People Management

How to improve work-life balance

Updated: 3 May 2022

Debbie Bullock, Aviva’s wellbeing lead, talks to us about the importance of work-life balance and how you can promote it in your workplace.

The move towards hybrid working has made the lines between work and home life increasingly blurred. Here’s 5 things you could do to improve mental wellbeing within your business.

1.) Make work life balance a priority

Make sure everyone in your business is looking after themselves. Where an employee has had a significant workload for a while, try to give them back some time with leave or by working fewer hours. Whether you work from home or the workplace, creating a “book end” to the start and close of your working day is really important to switch from work to personal mode. The commute can do this, but if you’re working from home, find that opportunity – a walk, a shower and change of clothes, listening to some music, or a moment of mindfulness.

2.) Identify stress triggers 

Look for any changes in the behaviours and working patterns in your employees, but also yourself, as this could be a sign of stress. Keep an eye on your workload or that of an employee to make sure they are manageable, and take note when employees ask for help with their work. This will help you identify trends, which could put you in a better position to address any underlying problems directly and quickly. There are six main areas that can lead to work-related stress if they are not managed properly – demands, control, support, relationships, role, and change.* For example, workers may say that they:

  • are not able to cope with the demands of their jobs 
  • are unable to control the way they do their work 
  • don’t receive enough information and support
  • are having trouble with relationships at work, or are being bullied
  • don’t fully understand their role and responsibilities
  • are not engaged when a business is undergoing change

These stressors may not be a big deal if they happen every now and again, but over a long period of time they can impact work life balance, and even lead to burnout.

3.) Encourage open and honest conversations 

Have regular, open conversations with your employees. Create a culture of psychological safety where both leaders and employees feel they can talk about any number of topics (work or health related) with the knowledge that they will be heard with empathy and understanding, and without fear of reprisals. Sharing first person stories from colleagues will encourage others to be more open, allowing you to help individuals perform at their best.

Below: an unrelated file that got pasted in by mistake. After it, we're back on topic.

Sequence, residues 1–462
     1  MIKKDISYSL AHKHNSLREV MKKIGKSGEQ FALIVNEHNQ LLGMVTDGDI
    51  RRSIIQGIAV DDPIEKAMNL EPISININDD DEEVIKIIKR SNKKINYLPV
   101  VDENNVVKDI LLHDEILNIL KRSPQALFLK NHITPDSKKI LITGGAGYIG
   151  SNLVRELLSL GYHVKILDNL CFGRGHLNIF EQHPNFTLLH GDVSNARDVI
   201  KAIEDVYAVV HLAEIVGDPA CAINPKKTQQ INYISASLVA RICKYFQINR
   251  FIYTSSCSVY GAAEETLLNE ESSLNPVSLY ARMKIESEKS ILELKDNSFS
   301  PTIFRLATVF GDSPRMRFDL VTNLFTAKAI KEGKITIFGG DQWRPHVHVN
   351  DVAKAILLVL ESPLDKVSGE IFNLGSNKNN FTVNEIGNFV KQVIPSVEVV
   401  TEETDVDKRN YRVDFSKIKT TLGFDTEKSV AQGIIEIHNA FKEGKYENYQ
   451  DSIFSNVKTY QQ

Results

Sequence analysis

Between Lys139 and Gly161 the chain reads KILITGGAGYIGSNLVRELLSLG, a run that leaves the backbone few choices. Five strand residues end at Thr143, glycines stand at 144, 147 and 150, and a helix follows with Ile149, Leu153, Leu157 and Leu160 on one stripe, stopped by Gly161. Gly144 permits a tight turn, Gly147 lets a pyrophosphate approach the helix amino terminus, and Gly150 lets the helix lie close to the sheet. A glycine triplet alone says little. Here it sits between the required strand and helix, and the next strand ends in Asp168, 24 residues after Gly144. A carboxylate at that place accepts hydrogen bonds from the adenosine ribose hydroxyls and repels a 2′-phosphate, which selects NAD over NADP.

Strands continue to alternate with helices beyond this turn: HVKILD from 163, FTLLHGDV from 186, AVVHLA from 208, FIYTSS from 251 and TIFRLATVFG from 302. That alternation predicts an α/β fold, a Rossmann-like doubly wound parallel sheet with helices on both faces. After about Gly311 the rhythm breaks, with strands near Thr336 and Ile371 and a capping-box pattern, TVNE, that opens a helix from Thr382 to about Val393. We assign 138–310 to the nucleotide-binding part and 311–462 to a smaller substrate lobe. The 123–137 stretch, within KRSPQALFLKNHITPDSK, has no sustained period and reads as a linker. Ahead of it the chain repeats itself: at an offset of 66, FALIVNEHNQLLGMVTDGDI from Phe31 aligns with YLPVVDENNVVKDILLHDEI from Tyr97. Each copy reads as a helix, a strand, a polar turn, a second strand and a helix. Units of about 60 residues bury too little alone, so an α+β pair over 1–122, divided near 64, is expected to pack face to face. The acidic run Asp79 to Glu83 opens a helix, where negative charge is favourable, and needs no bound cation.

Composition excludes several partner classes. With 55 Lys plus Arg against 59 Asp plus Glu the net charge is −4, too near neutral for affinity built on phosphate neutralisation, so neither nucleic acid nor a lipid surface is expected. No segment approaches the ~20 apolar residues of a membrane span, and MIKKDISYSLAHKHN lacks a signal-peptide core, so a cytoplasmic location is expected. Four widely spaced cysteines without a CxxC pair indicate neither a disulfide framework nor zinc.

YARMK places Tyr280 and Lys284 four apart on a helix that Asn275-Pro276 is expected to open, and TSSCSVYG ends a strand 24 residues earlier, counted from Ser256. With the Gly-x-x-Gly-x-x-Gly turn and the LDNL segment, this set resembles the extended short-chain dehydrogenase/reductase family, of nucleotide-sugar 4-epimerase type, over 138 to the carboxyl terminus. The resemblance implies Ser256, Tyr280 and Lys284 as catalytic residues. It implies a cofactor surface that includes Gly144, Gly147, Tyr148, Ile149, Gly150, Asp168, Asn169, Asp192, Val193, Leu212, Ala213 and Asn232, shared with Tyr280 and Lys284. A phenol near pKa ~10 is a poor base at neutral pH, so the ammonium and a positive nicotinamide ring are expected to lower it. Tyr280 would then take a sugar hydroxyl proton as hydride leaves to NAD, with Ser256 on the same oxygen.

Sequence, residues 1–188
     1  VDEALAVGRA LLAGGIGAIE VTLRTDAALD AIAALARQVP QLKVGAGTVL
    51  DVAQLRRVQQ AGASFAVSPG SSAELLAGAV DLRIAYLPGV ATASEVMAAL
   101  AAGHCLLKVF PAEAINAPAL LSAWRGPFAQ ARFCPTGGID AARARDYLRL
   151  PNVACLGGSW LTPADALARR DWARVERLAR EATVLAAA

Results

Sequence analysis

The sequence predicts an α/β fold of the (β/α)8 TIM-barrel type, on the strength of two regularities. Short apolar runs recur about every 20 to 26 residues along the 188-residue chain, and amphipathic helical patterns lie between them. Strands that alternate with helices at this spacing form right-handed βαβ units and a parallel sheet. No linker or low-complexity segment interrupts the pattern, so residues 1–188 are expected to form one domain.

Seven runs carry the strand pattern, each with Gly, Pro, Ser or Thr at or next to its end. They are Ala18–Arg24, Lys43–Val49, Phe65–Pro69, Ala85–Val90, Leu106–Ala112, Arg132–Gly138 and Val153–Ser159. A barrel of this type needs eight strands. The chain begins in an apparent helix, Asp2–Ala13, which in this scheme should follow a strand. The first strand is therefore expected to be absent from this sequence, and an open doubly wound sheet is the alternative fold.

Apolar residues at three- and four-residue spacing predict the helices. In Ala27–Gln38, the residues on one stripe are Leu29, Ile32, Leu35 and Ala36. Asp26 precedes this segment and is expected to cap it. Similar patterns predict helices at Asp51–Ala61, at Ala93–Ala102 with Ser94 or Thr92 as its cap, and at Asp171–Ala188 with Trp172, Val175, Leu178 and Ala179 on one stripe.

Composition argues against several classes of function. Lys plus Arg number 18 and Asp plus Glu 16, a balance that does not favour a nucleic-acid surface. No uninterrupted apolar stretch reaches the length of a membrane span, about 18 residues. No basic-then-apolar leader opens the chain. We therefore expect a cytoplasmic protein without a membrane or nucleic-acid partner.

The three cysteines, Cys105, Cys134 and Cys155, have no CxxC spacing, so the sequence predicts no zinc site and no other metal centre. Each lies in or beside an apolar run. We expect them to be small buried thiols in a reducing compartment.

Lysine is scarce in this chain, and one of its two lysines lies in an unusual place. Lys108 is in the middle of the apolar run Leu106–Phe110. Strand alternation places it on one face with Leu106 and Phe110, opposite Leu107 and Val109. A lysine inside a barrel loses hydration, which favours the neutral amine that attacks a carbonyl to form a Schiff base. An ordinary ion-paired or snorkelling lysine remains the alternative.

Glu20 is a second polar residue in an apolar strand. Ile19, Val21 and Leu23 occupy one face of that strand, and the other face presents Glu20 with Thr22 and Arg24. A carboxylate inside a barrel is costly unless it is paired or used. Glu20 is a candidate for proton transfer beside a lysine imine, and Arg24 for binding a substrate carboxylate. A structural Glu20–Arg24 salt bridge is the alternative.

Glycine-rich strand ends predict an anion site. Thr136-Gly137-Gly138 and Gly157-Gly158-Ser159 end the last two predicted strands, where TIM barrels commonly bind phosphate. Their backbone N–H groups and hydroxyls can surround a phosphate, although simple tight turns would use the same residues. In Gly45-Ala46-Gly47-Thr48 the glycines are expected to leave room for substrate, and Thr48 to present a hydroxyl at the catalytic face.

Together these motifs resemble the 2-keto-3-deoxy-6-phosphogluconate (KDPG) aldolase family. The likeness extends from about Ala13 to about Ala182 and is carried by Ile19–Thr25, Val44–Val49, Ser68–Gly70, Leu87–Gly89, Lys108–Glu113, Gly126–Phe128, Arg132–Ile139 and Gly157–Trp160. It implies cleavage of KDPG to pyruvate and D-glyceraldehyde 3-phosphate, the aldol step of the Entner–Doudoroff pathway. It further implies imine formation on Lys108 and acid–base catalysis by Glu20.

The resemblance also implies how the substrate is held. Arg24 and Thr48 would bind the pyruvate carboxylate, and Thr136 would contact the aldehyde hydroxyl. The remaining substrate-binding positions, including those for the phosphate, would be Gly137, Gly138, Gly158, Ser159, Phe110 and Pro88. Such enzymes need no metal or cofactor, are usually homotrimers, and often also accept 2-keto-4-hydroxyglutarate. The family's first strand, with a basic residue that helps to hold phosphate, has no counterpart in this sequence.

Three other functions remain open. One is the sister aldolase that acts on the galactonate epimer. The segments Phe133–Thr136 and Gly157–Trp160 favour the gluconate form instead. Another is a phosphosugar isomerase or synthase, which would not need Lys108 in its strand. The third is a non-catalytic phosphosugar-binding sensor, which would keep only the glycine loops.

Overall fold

4.) Practice what you preach — and if you don’t, make it clear why 

Workplace culture is an important factor in encouraging good work-life balance. Unless leaders demonstrate the values they want to see from employees, there is a risk of driving unhealthy practices. There will be times where it’s appropriate for someone in a senior leadership position to work long hours outside of the normal working day. However, you should make it clear to employees what is expected of them. Good communication is key.

5.) Review your HR policy 

You could consider putting specific HR policies in place that help employees manage the demands on their time. This can help you keep on top of workloads, giving your employees enough time to recuperate and helping you feel more relaxed and organised. You can also give your line managers and employees the tools they need to identify the signs of stress, and signpost to any support that’s available through your benefits package.

*Work-related stress and how to manage it: causes of stress at work – HSE

Visit for more information, or to find out how they can help boost your benefits package with private medical insurance for up to 249 employees. 

03/05/22: While we want to help as much as we can, the information found here is provided solely for informational purposes and should not be considered financial or legal advice. To the extent permitted by law, Funding Circle does not accept any liability for any loss or damage which may arise directly or indirectly from the use of, or reliance on, the information contained here. If you have any questions, please speak to your professional adviser or seek independent legal advice. 

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